Trip Start Oct 25, 2012
Trip End Nov 07, 2012

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Monday, November 5, 2012

Tea And Its Legends

It all began in 2737BC in China.

According to legend, whilst the emperor Shen Nung was boiling water to slake his thirst in the shade of a tree, a light breeze rustled the branches and caused a few leaves to fall.

They mixed with the water and gave it a delicate colour and perfume.

The emperor tasted it and found it to be delicious. The tree was a wild tea plant: This is how tea was born.


In India, another legend tells of how Prince Dharma was touched by Divine grace and went out to preach the teachings of Buddha in China. To make himself worthy, he vowed never to sleep during the nine years of his journey. At the end of the third year, however, he was overcome by drowsiness and was about to fall asleep when by chance he plucked a few leaves from a wild tea plant and began to chew them. The simulating qualities of tea immediately had their effect; Dharma felt much more alert and thereafter attributed the strength he found to stay awake during the six remaining years of his apostolic mission to these leaves.


In Japan the story goes a little differently; after three years Bodhi Dharma, exhausted, ended up falling asleep while he prayed.

On awaking, infuriated by his weakness and devastated by his sin, he cut off his eyelids and threw them to the ground.

Some years later, on passing the same spot, he saw that they had given birth to a bush that he had never seen before.

He tried the leaves and discovered that they had the property of keeping a person awake. He told the people around him about his discovery and tea began to be cultivated in those places through which he traveled.

Legends aside, it seem that the bush was originally from China, probably from the region around the border between the North Vietnam and Yunnan province, and that the drinking of this beverage was first developed by the Chinese.

Since the invigorating and energizing qualities of tea were very soon noted, it was the first used for medicinal purposes, either externally in the form of a paste to combat rheumatism or internally as a purifying soup.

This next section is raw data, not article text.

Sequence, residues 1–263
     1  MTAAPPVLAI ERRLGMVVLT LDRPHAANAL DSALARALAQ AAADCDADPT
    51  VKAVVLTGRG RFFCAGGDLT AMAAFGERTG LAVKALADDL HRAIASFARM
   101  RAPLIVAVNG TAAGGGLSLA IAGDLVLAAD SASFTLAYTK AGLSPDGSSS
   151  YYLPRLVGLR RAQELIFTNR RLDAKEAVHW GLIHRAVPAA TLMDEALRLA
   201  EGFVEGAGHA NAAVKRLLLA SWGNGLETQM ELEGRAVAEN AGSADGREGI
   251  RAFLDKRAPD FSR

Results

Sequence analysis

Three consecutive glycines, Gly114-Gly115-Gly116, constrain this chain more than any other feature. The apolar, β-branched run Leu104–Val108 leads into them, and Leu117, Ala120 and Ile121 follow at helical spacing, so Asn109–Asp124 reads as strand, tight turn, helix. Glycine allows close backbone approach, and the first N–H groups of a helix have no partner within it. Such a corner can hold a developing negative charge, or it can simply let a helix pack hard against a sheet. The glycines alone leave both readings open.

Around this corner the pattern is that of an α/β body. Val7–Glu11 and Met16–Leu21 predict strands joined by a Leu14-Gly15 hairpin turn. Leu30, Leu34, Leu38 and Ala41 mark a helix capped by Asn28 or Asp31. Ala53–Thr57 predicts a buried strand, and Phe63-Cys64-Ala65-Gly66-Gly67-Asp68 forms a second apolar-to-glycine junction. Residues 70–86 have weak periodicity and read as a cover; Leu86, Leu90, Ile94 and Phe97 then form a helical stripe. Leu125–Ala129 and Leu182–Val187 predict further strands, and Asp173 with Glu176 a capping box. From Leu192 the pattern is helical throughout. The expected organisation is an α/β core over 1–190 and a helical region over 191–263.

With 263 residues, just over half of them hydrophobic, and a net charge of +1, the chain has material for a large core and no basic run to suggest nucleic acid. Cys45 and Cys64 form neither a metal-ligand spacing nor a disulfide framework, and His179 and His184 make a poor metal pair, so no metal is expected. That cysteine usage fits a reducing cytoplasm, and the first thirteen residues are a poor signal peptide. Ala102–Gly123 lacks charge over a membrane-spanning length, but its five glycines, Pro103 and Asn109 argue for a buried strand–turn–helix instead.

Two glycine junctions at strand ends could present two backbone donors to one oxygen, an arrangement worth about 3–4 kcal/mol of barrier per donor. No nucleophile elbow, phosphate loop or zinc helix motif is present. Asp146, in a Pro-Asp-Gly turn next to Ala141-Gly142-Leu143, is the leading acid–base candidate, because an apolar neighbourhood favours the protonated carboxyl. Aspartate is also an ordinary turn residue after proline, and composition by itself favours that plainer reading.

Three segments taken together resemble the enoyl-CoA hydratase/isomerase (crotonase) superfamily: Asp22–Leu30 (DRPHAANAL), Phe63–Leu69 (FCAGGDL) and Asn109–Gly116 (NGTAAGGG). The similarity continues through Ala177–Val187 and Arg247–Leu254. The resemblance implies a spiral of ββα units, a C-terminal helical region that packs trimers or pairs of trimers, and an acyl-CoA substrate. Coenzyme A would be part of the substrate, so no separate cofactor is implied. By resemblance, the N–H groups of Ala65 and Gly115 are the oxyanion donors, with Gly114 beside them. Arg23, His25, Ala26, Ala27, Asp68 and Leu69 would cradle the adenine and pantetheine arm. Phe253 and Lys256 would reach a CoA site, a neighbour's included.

The first recipes for the preparation of tea were not too far from this idea: the leaves, which had been softened by steam, were ground with a mortar and pestle and compressed into flat cakes which were then brought to the boil with rice, milk, spices and sometimes even onions!


I have no idea if you have found this entry interesting or not. You tell me…..

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derrick241 on

On my trip there were many types of tea and they seemed to give it all these mystical things and uses for it, some of the tea was 30 years old and over $300 a cake, not the sort of thing to use every day, but I think it was the English or the Indians had it with milk, in parts of India it is still drank black

The same as Pakistan, green tea is drank a lot in China (with all the mystical properties they say it has)

They drink gren, white and black tea there

when we were in Sri Lanka we visted a tea plantation and factory, its hard work picking, sorting, grading and packing the tea, the majority of their tea is sold to the UK, a small amount goes to the US

Only the best tea is exported, they keep the poorer stuff for themselves,

derrick241 on

ooops, forgot to mention the tea leaves are used more than once in India and Pakistan, they use leaves, not tea bags, tea bags contain the poorer tea, simply because grade A tea doesnt work in tea bags, it has to be fine tea

So if anyone ofers you a cup of tea, make sure they have a tea poy, and it always tastes better in fine porceline cups and saucers, with digestive biscuits

But I still prefer my coffee

greekcypriot on

I truly appreciate Derrick alll this useful information you give below my entry.
And yes, I agree with you that tea bags contain the poorer tea. There are times when I love a cup of tea....usually I have it with milk, but the majority of times I have coffee -which has to be very strong!!

derrick241 on

I know where to come for my coffee then :-)

greekcypriot on

Sure...and I have it with no sugar, no milk...really strong!

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